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  1. Thank you so much for posting this! I’ll be stealing it!

    Though i do believe that some teachers can’t teach, I think that teachers who are failing do have the ability to teach and need to learn to do so. Sometimes it’s just one or two major things, like classroom management, that keep them from moving from okay to great.

    With the pool of teachers here in NYC, it’s impossible to simply fire teachers who are bad and move good ones in. It just won’t happen. These schools would be better off keeping teachers – especially new ones – and having them trained by those veterans who know what they’re doing. After that, it’s just about retention. How to do that, I have no idea. The principals have so much pressure to produce results and are judged on them. Food for thought.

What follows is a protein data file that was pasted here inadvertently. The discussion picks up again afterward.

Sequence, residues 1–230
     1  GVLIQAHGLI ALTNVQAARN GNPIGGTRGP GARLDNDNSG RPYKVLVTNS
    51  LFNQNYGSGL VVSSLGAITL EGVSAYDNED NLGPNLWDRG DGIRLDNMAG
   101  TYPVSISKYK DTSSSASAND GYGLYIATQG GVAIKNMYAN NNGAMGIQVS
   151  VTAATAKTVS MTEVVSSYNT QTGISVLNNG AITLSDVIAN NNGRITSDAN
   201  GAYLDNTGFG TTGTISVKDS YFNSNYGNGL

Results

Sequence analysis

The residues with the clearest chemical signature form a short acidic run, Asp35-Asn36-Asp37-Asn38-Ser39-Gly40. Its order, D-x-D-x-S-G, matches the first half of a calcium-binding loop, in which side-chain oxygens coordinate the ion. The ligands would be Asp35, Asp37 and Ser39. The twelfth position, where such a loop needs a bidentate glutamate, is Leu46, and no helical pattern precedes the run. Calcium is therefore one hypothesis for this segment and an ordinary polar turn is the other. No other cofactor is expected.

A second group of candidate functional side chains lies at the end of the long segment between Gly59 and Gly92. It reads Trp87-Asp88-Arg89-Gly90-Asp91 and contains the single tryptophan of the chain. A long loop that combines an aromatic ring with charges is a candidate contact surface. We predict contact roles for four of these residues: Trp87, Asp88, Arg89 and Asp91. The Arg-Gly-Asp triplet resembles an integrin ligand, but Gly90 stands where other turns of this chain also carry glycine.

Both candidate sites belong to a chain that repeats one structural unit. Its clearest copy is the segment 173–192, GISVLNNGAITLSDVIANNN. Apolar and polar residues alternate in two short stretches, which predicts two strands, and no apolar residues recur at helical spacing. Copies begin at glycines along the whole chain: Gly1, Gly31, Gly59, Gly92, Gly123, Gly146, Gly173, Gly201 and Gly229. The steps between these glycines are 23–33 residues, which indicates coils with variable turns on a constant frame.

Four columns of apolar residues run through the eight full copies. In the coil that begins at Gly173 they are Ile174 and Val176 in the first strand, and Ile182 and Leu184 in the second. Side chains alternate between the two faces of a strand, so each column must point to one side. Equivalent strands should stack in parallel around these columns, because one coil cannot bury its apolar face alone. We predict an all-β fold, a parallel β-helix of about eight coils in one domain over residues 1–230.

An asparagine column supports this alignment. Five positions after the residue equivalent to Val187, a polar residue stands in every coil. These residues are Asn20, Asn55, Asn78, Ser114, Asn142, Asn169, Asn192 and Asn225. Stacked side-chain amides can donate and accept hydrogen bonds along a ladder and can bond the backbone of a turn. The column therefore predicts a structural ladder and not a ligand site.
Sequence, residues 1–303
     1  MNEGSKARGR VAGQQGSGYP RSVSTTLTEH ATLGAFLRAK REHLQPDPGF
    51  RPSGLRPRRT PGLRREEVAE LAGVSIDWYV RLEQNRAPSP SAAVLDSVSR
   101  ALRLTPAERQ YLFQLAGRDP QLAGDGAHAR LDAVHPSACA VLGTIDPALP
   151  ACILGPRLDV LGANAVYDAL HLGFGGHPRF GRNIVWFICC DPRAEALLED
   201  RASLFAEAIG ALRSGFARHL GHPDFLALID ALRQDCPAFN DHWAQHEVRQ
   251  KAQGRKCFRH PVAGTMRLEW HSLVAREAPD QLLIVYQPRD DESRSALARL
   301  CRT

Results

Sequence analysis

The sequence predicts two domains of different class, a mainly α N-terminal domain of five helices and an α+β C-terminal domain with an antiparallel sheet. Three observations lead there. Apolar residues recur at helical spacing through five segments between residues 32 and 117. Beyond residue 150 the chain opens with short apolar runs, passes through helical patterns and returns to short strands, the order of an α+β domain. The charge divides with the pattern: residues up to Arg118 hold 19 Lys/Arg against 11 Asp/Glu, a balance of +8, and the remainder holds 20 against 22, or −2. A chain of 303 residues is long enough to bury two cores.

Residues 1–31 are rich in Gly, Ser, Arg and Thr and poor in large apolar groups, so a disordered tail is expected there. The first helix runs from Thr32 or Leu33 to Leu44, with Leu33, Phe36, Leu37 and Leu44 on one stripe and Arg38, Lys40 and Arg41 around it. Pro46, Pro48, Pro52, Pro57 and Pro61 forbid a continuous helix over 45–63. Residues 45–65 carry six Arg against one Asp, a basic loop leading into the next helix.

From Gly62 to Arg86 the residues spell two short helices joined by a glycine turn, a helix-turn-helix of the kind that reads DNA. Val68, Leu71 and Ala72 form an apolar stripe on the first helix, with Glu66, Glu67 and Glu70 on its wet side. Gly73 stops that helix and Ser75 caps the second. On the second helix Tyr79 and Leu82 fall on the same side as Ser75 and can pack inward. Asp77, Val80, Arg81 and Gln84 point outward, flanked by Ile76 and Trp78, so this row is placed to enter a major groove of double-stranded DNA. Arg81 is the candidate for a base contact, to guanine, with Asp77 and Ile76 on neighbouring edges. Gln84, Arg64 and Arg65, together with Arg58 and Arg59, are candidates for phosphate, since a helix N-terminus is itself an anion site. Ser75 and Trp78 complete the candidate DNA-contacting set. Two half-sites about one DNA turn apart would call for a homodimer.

1. @Topher, Steal away!

      “I think that teachers who are failing do have the ability to teach and need to learn to do so. Sometimes it’s just one or two major things, like classroom management, that keep them from moving from okay to great.”

      This is great. Professional development so often (ok, just about always) focuses on the newest fad in teaching. PD needs to go back to basics and I think that developing a mentoring system is a wonderful way to do that.

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